North America before contact with Europe
Indian settlements have a tradition reaching back 12,000 years with systematic land cultivation beginning around 3,500 years ago. Towards the end of the 15th Century more than 600 different peoples could be counted across North America and what is now Canada communicating in more than 12 different languages. Their lifestyle was characterised by a respect for and dependency upon nature and they strove to find a balance between sowing and reaping. Columbus spoke of their kindness, their good behaviour and the fact that they loved their neighbour as themselves. Their culture was based upon agriculture, hunting and fishing accompanied by rituals and rules according to the seasons. Conflicts, even warring conflicts always aimed to achieve an understanding. The injured side explained the cause of injury and the reason for their actions, and those families or groups subject to their actions were given the opportunity to make an appropriate compensation in order to end the conflict peacefully.
Contact and settlement from Europe
The first European activities were centred around finding and exploiting treasures, both human (slaves) and material (gold etc.) as well as natural (trade with skins and furs). To turn the peoples of America to slavery proved however difficult as brutality, coupled with the arrival of new illnesses caused them to die out. As a result, much as already had happened in the Canary Islands and Caribbean Islands, the entire East coast was cleared of its original inhabitants within 200 years.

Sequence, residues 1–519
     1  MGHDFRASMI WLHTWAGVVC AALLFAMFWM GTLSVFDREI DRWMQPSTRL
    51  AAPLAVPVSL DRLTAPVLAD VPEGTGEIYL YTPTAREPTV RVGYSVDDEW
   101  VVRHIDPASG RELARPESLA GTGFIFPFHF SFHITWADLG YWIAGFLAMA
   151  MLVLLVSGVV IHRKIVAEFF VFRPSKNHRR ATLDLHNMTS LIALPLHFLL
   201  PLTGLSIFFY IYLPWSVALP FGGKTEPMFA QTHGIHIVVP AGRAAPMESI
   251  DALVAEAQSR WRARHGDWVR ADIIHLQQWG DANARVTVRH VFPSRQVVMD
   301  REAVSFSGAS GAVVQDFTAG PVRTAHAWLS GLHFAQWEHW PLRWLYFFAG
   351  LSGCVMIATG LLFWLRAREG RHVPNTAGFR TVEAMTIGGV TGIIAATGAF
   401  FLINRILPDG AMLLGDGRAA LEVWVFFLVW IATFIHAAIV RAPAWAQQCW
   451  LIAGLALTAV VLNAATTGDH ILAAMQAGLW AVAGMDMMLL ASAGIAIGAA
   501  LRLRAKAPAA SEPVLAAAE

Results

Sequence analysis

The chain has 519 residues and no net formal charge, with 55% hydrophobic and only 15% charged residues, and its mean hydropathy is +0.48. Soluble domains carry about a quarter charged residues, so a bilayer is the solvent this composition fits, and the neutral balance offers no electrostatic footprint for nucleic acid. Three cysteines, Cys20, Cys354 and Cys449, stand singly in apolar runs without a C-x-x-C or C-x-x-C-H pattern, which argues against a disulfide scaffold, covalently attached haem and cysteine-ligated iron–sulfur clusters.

The European discovery, settlement and cultivation of North America led to an ever greater one-sided predomination of Europe and its culture, a culture based upon exploitation. At the same time it offered a vent for social tension back in Europe. For example, England’s population doubled between 1550 and 1650.
Where the West coast was dominated and exploited principally by the Spaniards coming in from Mexico, it was settlers from England but also from France who most influenced the lives of the indigenous Indian peoples on the East coast. The Indians could hope to achieve a degree of influence and position in the power struggle between Spain, France and England, however the time came where allegiance became necessary, and this in the times of warring conflicts weakened their position.
As foreign settlement increased, the power of the Indian tribes waned and they were forced to give up their land, weakening their position still further, a situation which was exacerbated by the waves of epidemics that broke out repeatedly. Over 100 epidemics came from Europe to North America between 1520 and 1900, approximately one every 4¼ years. Some Indian groups lost more than 75% of their population within a period of weeks. Besides the drastic effects of these, it also endangered the food basis, dependent as it was upon a strict adherence to seasonal rules and cultivation patterns.